Written By Samir Jeraj
In the week following lockdown I wrote a briefing in my day job highlighting the specific risks facing people of colour in the UK from COVID19. I have written dozens of these over the years on different topics, drawing together specific evidence about an issue like mental health, access to GP or benefit reforms and putting it into the context of the UK’s wider racial inequalities.
Listing all these inequalities: the poorer housing, higher rates of poverty, poorer experiences of work even in high paid or status jobs, and poorer health underlines to me each time how the UK’s institutions have failed black and minority ethnic communities. Yes, there has been change, and some progress for a few – racism is not like it was in the 1970s and 1980s, it looks different and is as pervasive as ever and we can see that today in who is dying.
Even something as simple as where we live, because the coronavirus is affecting large cities and conurbations like London and Birmingham, were the product of red-lining-style policies. These encouraged particular ‘Commonwealth’ communities to settle in particular areas. Hackney, for example, was expressly considered a ‘Red Zone’ (i.e. “don’t put them there”) when Ugandan Asians were being resettled in the early 70s.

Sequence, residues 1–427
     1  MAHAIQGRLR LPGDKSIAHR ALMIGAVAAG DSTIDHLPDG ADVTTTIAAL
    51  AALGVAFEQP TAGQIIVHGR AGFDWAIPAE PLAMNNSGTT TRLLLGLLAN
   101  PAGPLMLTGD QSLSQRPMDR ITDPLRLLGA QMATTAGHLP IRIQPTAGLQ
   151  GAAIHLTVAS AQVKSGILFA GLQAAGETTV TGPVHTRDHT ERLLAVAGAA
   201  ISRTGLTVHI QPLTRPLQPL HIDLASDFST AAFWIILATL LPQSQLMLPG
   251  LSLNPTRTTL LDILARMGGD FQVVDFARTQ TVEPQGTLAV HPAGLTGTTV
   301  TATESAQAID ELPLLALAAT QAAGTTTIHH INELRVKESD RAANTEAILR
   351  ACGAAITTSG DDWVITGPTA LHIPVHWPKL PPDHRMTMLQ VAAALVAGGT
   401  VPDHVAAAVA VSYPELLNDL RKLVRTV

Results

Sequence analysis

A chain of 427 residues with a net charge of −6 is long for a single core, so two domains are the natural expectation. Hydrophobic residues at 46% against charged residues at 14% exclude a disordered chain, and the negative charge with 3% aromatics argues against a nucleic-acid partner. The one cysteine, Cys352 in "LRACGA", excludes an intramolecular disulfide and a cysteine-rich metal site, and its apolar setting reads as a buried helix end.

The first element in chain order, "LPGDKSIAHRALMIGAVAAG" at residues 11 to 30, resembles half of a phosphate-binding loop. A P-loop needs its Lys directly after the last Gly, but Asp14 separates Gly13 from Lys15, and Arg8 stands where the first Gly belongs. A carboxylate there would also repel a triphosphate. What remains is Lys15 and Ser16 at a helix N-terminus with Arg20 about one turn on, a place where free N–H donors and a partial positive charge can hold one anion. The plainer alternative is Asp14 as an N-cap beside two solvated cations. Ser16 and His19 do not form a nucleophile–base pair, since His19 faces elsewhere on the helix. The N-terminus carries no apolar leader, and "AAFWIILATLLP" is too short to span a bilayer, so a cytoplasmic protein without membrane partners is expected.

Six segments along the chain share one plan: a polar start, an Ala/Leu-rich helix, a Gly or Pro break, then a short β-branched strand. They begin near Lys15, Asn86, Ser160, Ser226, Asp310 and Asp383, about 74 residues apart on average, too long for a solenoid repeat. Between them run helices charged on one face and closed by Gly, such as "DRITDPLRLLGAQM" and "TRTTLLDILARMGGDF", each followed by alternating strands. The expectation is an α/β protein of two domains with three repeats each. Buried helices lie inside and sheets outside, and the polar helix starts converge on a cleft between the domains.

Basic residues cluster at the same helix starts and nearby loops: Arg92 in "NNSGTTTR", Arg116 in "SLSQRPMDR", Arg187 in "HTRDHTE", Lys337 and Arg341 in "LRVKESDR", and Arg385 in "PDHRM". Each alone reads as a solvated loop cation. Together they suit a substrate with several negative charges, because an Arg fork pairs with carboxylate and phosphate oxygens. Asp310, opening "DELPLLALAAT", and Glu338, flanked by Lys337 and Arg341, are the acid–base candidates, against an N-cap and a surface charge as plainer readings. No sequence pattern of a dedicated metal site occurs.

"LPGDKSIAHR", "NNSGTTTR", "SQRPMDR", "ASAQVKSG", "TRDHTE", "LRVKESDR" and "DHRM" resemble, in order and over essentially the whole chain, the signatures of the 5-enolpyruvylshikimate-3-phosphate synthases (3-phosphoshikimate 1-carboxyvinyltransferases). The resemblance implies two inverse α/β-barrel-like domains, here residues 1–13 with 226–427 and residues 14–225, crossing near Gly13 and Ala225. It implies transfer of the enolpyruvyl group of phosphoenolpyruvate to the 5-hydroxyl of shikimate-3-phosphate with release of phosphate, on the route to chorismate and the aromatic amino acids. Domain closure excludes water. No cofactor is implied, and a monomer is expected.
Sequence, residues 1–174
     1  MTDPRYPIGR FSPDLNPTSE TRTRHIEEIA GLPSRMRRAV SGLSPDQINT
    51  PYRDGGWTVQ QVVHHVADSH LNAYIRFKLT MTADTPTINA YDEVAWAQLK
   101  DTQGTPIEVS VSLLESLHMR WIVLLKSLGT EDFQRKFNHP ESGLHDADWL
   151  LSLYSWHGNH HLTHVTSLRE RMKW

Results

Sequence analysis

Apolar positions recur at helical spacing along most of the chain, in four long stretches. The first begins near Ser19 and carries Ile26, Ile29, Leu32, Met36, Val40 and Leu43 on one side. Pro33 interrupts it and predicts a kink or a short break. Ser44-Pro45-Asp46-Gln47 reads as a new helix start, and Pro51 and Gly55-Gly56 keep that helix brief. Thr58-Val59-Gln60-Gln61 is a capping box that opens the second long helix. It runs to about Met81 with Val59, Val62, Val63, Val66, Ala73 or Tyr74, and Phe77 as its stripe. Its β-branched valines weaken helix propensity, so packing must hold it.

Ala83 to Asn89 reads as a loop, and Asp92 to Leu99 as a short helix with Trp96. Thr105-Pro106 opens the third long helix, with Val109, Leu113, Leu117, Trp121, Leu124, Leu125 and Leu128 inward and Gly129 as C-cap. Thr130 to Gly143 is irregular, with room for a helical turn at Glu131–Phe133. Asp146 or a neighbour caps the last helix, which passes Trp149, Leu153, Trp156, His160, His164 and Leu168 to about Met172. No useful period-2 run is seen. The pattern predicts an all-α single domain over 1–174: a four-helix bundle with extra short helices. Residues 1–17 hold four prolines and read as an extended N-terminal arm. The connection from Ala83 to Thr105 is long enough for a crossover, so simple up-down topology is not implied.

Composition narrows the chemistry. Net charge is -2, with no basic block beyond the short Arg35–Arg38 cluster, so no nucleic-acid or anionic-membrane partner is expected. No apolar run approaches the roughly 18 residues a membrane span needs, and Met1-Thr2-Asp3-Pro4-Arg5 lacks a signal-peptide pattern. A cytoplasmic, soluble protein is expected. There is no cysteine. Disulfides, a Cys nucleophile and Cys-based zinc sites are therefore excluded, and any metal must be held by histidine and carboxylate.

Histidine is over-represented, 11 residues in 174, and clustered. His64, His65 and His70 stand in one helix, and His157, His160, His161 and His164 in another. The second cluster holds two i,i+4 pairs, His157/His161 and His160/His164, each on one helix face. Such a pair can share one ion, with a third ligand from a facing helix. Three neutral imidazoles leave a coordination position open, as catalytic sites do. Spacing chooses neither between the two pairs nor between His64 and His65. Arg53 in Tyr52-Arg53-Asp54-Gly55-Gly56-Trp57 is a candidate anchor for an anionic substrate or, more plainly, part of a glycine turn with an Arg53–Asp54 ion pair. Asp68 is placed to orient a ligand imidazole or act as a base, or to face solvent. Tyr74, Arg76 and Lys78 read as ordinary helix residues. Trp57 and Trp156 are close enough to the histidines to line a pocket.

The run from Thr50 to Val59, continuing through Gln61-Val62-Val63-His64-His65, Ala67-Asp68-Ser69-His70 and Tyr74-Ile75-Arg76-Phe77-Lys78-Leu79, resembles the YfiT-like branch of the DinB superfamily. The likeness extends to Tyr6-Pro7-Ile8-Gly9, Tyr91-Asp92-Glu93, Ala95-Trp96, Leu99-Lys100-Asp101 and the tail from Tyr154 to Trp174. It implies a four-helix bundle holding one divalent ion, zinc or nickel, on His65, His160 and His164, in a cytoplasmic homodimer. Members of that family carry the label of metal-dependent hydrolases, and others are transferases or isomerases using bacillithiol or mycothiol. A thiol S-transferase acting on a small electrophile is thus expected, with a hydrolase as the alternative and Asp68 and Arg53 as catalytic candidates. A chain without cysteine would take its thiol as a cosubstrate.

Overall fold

The anger and rage we feel at the system for failing us could easily turn into apathy. Another betrayal by the government, the institutions. That too would likely lead us nowhere. Racist institutions have long dismissed anger and outrage, irrespective of how justified it is.
Maybe it is too early to be talking about what next, but I feel that unless we push for racial justice now we risk being side-lined yet again when the conversation about how the UK economy and society recover from this trauma. In the past I have called for a Green, Black and Brown New Deal, to build an economy and set of social policies that will bring about racial justice, or at least move us significantly towards it. We need to think as well about how that could also work to change the structures of power so that out warnings are not ignored, or our anger dismissed. Now more than ever we must campaign and argue for a just future, because we know most brutally what an unjust present looks like.